I guess the good news is that the restaurant likely retained the abusive customer to visit them another day. Courage to do what is right is the hallmark of leadership and it must be demonstrated when customers cross the line from anger to abuse.

Customers Aren’t Always Right: Courageous Leaders Need to Be {Infographic}


Beating the Giant: It’s as Simple as Artisanship

I suspect you’ve heard the phrase, “dollars to donuts.” From my research, its earliest reference occurred in 1876 and typically implies a wager where you are so certain of a bet that you are willing to gamble losing dollars (something of higher value) for the prospect of winning donuts (something of lower value). In truth, this blog isn’t about “dollars to donuts” it’s actually more about “dollars AND donuts.”

Ok, in full disclosure it’s really about “dollars AND craftsmanship.”

In the United States the GIANT in the world of DONUTS is…drum roll,please…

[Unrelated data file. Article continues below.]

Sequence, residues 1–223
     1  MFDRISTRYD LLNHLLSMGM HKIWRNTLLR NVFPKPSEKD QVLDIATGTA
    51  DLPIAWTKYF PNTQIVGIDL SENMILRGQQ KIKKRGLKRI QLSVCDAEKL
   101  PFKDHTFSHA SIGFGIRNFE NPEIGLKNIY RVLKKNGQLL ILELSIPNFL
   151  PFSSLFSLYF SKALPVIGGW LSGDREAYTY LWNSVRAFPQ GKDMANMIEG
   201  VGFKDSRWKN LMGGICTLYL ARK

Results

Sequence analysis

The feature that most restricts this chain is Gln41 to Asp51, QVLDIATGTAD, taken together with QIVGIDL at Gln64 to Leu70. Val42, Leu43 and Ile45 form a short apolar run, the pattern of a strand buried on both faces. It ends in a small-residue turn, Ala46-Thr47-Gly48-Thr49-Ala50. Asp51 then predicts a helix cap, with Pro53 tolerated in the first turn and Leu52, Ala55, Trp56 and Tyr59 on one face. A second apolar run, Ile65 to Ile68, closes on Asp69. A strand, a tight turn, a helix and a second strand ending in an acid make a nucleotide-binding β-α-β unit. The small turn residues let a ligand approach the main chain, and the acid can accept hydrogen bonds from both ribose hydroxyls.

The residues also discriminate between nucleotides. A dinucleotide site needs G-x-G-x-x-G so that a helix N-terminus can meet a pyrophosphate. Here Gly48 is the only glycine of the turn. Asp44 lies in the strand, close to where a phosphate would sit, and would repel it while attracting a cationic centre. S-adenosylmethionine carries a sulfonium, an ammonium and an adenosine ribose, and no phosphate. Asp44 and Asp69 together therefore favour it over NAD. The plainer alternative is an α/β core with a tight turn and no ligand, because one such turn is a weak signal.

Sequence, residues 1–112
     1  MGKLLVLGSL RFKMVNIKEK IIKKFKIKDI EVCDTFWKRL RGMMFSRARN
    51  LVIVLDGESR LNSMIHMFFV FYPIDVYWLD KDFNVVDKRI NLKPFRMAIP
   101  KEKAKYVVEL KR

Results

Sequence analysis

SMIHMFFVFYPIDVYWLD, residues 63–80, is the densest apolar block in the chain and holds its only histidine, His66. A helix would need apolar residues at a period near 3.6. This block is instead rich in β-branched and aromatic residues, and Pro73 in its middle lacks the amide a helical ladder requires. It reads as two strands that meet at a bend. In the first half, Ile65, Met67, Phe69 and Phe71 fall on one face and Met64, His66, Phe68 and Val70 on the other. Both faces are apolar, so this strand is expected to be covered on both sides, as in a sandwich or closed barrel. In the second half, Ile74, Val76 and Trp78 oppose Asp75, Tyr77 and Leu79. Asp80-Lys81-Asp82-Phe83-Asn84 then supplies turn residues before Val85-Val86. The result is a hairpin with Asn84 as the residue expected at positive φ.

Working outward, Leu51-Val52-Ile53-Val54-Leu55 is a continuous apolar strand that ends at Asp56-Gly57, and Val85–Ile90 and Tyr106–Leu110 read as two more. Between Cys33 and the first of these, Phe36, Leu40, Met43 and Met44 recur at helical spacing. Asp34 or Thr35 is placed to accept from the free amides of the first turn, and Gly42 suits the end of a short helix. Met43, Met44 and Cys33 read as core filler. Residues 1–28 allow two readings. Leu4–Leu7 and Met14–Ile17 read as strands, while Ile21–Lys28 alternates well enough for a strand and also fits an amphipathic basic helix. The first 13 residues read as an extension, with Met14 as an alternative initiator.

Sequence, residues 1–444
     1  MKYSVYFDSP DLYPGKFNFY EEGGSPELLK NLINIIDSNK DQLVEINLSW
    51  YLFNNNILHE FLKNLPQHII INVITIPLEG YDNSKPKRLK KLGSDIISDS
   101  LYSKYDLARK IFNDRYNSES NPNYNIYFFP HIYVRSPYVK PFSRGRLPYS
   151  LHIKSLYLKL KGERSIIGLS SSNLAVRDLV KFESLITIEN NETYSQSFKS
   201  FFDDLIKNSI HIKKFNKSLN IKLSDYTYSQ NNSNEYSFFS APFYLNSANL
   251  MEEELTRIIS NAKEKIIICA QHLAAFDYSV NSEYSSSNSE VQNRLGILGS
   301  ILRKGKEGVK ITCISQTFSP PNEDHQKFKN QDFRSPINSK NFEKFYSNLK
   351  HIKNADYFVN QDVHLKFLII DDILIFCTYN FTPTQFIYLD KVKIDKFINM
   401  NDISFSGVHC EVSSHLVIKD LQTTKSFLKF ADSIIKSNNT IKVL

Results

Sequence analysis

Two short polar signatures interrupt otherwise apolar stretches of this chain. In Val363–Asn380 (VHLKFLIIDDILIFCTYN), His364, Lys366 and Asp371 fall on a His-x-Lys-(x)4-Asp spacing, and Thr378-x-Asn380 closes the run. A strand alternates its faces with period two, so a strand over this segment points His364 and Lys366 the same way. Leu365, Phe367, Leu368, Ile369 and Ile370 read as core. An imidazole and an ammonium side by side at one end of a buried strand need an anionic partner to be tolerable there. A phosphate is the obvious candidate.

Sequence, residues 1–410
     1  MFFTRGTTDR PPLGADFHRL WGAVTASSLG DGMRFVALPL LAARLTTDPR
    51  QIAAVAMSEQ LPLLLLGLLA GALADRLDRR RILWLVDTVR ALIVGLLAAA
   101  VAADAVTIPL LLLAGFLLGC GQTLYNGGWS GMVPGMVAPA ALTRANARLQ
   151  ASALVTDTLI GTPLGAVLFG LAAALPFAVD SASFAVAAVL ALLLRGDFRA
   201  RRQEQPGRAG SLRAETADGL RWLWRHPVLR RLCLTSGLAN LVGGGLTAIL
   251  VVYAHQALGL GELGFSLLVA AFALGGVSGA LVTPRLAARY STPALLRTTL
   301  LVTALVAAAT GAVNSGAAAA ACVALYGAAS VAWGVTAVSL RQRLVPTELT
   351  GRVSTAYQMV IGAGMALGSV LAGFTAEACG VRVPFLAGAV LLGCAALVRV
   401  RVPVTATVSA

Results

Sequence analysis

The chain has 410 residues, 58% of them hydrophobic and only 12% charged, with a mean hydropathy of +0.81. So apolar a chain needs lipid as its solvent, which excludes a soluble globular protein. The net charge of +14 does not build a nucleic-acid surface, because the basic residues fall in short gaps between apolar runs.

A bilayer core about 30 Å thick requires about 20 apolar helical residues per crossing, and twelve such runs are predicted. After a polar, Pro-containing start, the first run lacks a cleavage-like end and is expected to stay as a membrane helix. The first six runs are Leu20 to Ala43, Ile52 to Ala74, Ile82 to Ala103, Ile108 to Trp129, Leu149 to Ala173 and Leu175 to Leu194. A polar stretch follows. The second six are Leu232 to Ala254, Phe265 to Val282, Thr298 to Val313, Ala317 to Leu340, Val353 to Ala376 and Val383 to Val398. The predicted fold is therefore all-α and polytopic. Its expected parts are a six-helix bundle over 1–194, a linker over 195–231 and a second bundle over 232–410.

You guessed it Dunkin Donuts. However, there is a community of very successful artisan donut shops thriving and skyrocketing in the shadow of the omnipresent Dunkin Donuts brand. Annie Pilon offers a baker’s dozen donut shop examples in an article for Small Business Trends. For the sake of brevity, I will feature just one of those shops: The Salty Donut.

The owners of The Salty Donut, based in Miami, describe their business as

an Artisanal Donut Shop & Coffee Bar focused on chef-made, small-batch craft donuts using nothing but the highest quality ingredients and making EVERYTHING in-house! We also have an incredibly unique coffee program, featuring rotating coffees with interesting flavor profiles, crafted by some of the best baristas around. The Salty came to be because of a void in our beloved South Florida community. The entire country is experiencing a blossoming of craft donut shops and amazing coffee shops that offer unique coffee experiences, and South Florida is EONS behind in both of those categories.”